The Death of the Email

Is-Email-Marketing-Still-Effective1It's amazing how many people are queuing up to announce the death of the email.
It's not unusual to hear individuals claiming social media has replaced it, or announcing that no one has the time to read emails anymore.

As a result of these beliefs, some marketers are choosing to spend time and money looking for other ways to communicate with prospects.

Are you worried about being left behind if you continue to use simple, old email marketing?

All the evidence suggests you have absolutely no reason to be.

Is Social Media Replacing Email?

A study by Merkle in View from the Digital Inbox (2011) found that text messaging is favoured by 18-29 year olds for personal communication, while all other ages chose phone calls.

Email sat comfortably in second place, more than twice as popular as social media.

For commercial purposes, the study revealed that email is still way ahead. The data showed it was preferred by 65%-78% of those questioned.

A measly 0%-4% said social media was their method of choice.

While there's little doubt that social media is making something of an impression on how people communicate – especially in the younger age groups – it's equally clear that email is still the go-to communication method for most people, and wipes the floor with the other options for business use.

What Good is an Unread Email?

The data shows that email is still popular, but it's pointless emailing if they never get read. MailerMailer's report – Marketing Metrics – showed that the open rates of marketing emails have fallen by almost 3% in the last three years (from 14% to 11.4%).

It's important to remember this is an average figure, however.

The numbers of emails being sent has increased, and the quality of these emails is often poor.

Good emails that capture the interest of prospects – and use effective subject lines – are still being read.

It's also true that the more important statistic – click rates – show that there has been no shift.

The Danger of Bombarding

Companies and individuals that accept the value of emailing, are often reluctant to send out mass emails too often. They fear creating a negative response by clogging up the inboxes of prospects.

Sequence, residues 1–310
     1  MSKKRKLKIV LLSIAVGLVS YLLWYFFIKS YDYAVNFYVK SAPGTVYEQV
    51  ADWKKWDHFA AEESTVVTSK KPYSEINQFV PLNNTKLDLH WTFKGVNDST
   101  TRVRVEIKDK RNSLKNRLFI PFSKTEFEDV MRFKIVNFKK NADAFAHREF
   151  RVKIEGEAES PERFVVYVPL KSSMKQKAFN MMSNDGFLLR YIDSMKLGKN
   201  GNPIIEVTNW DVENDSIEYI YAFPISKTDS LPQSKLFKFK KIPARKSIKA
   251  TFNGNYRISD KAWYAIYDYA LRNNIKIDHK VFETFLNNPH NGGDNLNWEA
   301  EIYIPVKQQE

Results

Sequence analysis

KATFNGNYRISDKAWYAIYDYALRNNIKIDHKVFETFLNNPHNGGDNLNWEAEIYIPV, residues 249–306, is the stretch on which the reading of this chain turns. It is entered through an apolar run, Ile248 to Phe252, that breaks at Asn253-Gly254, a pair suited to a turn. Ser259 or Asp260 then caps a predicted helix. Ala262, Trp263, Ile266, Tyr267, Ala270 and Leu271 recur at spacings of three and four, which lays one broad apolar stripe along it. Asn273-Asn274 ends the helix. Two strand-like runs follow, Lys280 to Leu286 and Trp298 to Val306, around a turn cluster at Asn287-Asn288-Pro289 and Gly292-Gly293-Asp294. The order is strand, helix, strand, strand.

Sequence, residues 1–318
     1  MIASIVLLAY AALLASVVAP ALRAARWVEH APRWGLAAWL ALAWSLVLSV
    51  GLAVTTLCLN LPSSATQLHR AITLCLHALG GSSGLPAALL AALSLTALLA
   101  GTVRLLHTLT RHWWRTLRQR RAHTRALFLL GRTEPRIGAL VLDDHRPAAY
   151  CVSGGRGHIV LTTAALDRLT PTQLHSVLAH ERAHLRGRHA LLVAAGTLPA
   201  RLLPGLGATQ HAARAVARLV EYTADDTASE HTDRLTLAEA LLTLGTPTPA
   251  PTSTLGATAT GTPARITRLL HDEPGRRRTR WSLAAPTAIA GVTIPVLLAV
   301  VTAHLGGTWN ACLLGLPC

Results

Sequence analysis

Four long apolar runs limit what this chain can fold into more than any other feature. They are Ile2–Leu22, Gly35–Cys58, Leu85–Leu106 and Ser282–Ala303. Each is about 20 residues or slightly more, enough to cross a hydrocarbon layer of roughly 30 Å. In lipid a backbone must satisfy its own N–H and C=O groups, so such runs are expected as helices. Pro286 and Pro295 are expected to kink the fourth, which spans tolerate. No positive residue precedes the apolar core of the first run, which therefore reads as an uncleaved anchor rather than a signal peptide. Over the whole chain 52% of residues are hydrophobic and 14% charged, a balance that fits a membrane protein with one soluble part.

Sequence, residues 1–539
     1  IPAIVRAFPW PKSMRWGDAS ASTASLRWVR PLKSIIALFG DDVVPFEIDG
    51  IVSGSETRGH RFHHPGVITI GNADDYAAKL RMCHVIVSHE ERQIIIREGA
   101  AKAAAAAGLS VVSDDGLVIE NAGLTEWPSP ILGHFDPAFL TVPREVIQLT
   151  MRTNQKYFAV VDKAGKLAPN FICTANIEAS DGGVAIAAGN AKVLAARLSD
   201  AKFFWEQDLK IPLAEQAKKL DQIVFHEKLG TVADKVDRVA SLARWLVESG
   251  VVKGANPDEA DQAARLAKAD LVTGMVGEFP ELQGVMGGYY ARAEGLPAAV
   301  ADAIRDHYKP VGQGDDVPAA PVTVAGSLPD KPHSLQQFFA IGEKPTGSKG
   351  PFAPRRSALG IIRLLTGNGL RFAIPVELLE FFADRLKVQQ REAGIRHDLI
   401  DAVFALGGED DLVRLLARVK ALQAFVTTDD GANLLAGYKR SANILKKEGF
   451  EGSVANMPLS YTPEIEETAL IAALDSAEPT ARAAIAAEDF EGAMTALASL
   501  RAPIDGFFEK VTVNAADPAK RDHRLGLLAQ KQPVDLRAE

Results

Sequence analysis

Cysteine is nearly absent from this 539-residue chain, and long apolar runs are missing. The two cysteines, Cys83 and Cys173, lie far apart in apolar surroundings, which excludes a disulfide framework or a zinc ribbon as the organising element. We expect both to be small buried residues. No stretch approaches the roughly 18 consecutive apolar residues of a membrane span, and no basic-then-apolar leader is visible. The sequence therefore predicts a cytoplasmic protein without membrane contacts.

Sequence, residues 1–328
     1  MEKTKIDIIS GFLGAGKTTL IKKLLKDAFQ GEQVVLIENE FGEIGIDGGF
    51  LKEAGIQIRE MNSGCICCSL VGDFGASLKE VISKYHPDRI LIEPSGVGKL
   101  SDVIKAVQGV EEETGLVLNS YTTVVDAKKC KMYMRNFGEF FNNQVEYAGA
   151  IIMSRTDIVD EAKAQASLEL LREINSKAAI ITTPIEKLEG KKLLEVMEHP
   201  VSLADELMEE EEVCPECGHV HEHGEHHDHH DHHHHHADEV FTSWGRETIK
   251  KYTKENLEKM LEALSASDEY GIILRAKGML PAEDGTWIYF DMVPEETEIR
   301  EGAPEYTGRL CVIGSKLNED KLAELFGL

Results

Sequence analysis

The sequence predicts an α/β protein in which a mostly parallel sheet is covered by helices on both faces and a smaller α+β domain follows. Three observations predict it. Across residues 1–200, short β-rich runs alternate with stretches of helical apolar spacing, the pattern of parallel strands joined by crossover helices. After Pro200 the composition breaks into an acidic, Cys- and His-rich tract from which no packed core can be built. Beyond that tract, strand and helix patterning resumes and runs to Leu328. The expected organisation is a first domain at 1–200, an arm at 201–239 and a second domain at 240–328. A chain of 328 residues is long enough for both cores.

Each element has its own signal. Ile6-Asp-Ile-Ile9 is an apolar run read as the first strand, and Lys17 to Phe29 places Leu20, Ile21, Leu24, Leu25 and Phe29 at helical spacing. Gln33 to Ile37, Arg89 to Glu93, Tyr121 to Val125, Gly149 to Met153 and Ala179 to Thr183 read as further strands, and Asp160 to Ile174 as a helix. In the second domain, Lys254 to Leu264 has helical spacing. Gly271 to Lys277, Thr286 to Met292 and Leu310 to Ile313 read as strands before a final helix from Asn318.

In my experience, the people who have this fear tend to send one email per week or month at most.

I recently chatted with a marketer who had begun emailing on a daily basis.

Amazingly, his open rates have been completely unaffected, and his unsubscribes have all but dried up. He is also receiving more enquiries than ever before.

Of course, you don't have to email daily, and that approach wouldn't work for everyone. The lesson is simply that you don't need to fear sending extra emails.

I believe it can only really be classed as bombarding if the emails are valueless. Anyone who's going to become irritated and unsubscribe because of an extra email each week is unlikely to ever realistically become a client anyway.

Surely, I need Graphical Emails Though?

I must admit I was a little annoyed when I recently spotted a high profile sales expert claiming graphical emails were now required to interest prospects. Unsurprisingly, he was marketing a way to create graphical emails at the time.

I'll be straight about this. Research from MarketingExperiments found:

  • Emails with high levels of graphical content received 34% fewer clicks than emails using only plain text.
  • Emails with a small amount of simple formatting – such as the occasional word emboldened or underlined – saw clicks increase by 55% when compared to plain text.

The reason for this is simple. Emails that are gently formatted look like they've come from a trusted source – perhaps a friend or a colleague.

Fancy, graphically intensive emails just scream ‘advertisement' to prospects.

These emails are also often incompatible – or unreadable – on mobiles. With research by Knotice highlighting that 13.6% of emails are now read on mobiles. This is too high a number to ignore.

So, Email Should Still be a Priority?

A definite ‘yes'.

Figures in a Direct Marketing Association report – ‘The Power of Direct' – showed that email returns $40.56 per dollar, while catalogues return just $7.30. Search marketing returned $22.24, internet display advertising $19.72, and mobile advertising $10.51.

The evidence proves it – email is still alive and kicking.

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